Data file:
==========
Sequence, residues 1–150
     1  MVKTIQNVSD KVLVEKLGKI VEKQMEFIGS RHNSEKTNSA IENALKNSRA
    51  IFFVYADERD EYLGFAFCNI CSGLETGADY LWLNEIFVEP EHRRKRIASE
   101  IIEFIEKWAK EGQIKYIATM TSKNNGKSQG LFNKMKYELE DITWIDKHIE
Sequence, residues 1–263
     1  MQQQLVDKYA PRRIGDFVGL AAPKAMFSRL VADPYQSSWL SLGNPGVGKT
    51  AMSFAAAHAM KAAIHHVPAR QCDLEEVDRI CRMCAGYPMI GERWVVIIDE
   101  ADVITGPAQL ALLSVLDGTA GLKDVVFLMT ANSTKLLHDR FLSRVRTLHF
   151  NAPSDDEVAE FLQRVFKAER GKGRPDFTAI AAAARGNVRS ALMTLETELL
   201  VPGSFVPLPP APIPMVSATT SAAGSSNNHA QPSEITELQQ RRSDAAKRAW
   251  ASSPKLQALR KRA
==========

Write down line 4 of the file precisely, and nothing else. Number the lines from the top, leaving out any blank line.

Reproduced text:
   101  IIEFIEKWAK EGQIKYIATM TSKNNGKSQG LFNKMKYELE DITWIDKHIE